Malik Yoba is a pillar in the entertainment industry. From his breakout role on the ’90s cop drama New York Undercover to his most recent role on ABC’s Designated Survivor, the Bronx native is no stranger to thought-provoking projects and provocative story lines.

The three time NAACP Image Award winner’s latest role in the upcoming psychological thriller ‘Til Death Do Us Part is will tackle something else entirely — domestic violence and how men deal with their emotions. Ahead of the film’s release, sat down to chat with Yoba about his role, why he was moved to be a part of this film and his one man show which will debut at the Apollo Theater in 2018. You’ve done everything from Designated Survivor to Empire. What was ‘Til Death Do Us Part that prompted you to come on board?

Malik Yoba: It’s always nice when you see an email in your inbox that says “offer,” then you read the email and go, “Oh, okay. Who’s doing it, what’s it about?” So, that’s usually how it goes. I looked at the material, subject matter and saw that it was something I actually care about. I thought it was a good little script. It’s not groundbreaking in terms of subject matter—I think we’ve seen similar stories like this, but the way that it’s executed I thought was a little bit different. I also saw who was in it [and] who was doing it. With the film coming out just ahead of Domestic Violence Awareness Month, why do you think it’s so important for the Black community to see this particular type of film?

MY: I think any time you have any kind of social ill, not just domestic violence…as much as it’s about the act, the obvious theme of domestic violence, it’s also about how men deal with their emotions. It’s not just like who gets brutalized; sometimes it’s women that are abusing men, too. I think it’s just an opportunity for us to look at ourselves. How do we treat each other? Why do we treat each other that way? My character in the film is the only one that really checks Stephen Bishop’s character Michael on his behavior. That was important. It was important to be able to be that voice of reason. Michael asks Rob to find his wife when she runs away, and he’s not just gonna be complicit in this behavior. I think it was a line we just added, where he says, “Look man, you really need to go get some help.” As opposed to just agreeing to go find this woman. Why is it important for men to have these conversations with one another and to address volatile behavior?

MY: The answer to the question is, you know, I’m in the give-a-f*ck business. Recently on The Breakfast Club [Lil Duval] was on there talking about, you know, “Man, if I was dating a girl and I found out she wasn’t born, you know, female, she’s about to die.” Two of my friends who are transgender both sent that article. I forget what the numbers are but over the last few years at least 30 people are murdered every year for that same reason. Men [won’t] check themselves, and other men will cosign it. We all need to be engaged and employed in the give-a-f*ck business because you just have to care about people. I think that that starts with also just caring about yourself. If you love yourself, if you truly love yourself, then you’ll see other people in yourself, and you won’t behave that way. I’ve also been doing work with Safe Horizons, which is one of the largest domestic violence support programs in the country. They started an initiative for men who have been victims of trauma especially for Black men, and men of color in general. Particularly people of impoverished communities that grow up with all kinds of trauma just walking down the street, with the dudes looking at you a certain way [and] you gotta fight your way to get to school or get home. It’s just growing up, that’s just part of it. A lot of times, we don’t seek the help. If you come from a family where you might have been abused, a lot of times, particularly with males, regardless of what the ethnic background is there’s a sense of like “Just keep it moving.” ‘Til Death Do Us Part has some very intense moments, specifically between Stephen’s and Annie [Ilonzeh]’s characters. How were you all able to create a safe environment while still talking about such terrible issues of domestic violence?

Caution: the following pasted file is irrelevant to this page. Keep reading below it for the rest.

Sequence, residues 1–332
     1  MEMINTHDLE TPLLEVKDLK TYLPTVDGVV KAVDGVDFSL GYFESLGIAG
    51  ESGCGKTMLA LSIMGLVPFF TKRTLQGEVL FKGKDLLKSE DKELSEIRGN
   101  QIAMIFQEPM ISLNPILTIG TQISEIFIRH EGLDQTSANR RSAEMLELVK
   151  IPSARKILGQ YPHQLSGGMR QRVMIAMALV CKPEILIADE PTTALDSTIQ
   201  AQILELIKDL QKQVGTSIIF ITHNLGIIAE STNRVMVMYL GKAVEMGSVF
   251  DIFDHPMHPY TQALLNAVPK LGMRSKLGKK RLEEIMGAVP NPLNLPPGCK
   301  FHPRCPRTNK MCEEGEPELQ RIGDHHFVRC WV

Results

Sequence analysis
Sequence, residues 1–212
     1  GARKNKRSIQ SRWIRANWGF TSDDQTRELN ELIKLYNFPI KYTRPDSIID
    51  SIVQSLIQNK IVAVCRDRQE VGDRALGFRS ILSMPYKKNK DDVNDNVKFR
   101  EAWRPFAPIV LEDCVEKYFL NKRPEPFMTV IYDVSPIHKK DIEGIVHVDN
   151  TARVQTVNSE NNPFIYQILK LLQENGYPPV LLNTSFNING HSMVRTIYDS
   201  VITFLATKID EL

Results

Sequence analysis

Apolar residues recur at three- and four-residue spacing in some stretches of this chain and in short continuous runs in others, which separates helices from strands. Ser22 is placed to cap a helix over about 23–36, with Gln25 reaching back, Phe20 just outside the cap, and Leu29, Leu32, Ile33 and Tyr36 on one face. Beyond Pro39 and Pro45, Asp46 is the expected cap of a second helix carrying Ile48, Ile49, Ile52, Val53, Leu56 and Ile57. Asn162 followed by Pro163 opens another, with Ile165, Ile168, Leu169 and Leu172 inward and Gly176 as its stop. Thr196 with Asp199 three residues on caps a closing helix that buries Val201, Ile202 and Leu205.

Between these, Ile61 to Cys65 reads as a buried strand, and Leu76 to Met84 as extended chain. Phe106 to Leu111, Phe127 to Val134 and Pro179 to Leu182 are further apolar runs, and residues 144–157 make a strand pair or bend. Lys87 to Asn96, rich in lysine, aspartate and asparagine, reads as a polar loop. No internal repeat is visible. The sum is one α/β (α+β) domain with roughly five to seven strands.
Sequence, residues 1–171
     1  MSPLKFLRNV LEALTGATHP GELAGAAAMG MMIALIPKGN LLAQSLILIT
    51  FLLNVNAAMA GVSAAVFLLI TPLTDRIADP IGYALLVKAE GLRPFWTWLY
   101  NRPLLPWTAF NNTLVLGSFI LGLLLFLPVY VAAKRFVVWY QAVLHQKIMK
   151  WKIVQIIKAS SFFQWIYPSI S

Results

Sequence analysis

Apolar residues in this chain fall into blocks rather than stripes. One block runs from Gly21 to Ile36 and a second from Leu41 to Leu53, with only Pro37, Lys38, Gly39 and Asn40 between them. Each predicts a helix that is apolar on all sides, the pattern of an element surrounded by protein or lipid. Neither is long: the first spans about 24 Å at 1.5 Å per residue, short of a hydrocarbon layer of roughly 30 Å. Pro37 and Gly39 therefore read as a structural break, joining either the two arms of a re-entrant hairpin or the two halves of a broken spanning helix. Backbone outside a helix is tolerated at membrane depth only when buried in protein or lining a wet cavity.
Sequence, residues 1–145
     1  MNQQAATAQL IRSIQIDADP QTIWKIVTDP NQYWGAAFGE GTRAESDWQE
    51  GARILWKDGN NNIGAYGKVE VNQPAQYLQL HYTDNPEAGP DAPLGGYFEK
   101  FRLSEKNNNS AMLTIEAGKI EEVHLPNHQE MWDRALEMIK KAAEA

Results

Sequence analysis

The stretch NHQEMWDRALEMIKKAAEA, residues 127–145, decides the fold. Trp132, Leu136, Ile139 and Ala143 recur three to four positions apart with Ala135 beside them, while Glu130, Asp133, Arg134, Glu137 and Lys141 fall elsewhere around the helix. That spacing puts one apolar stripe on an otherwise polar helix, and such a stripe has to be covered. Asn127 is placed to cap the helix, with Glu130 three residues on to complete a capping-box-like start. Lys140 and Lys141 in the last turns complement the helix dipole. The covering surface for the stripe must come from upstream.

MY: I wasn’t on the set when they were doing their scenes, but, in general, Chris [Stokes] and the whole team, the whole production team, created a very supportive environment to work in. Everybody was just there to do their best. If you had good ideas, Chris was very open. Like “Yeah, let’s try that.” That’s always good, that you can have a director that works that way. That everything isn’t so precious, that they’re open to other ideas and just, you know, yeah. ‘Til Death Do Us Part premieres Sept. 29. What’s next for you?

MY: Well, I’m on my way to Korea to do an action film, that is very much reflective of exactly what’s going on in the country, in the world right now. Right now the film is called Private Military Company, but I’m sure that will change. We are a private military company hired by the CIA to go into North Korea to kidnap the general and bring him over the border. We end up grabbing the president as well, and all hell breaks loose—World War III ensues. I did the Netflix show called Seven Seconds with Regina King. I’m doing The Last O.G. with Tracy Morgan, Cedric the Entertainer and Tiffany Haddish. Then there’s a film, I think they’re calling it It Was God’s Plan. It’s a film for Lifetime. Toni Braxton plays a woman who was a school teacher that thwarted a mass murder. It happened in Atlanta a couple years ago. I play the Sargent, the Lieutenant that’s the hostage negotiator. So, there’s about five or six things coming out. You’re incredibly busy then.

MY: Yes! Also on Oct. 15th, 2018, my one-man show, Harlem to Hollywood will premiere at the Apollo Theater. So I’m excited about that as well.

Til Death Do Us Part premieres in theaters Sept. 29.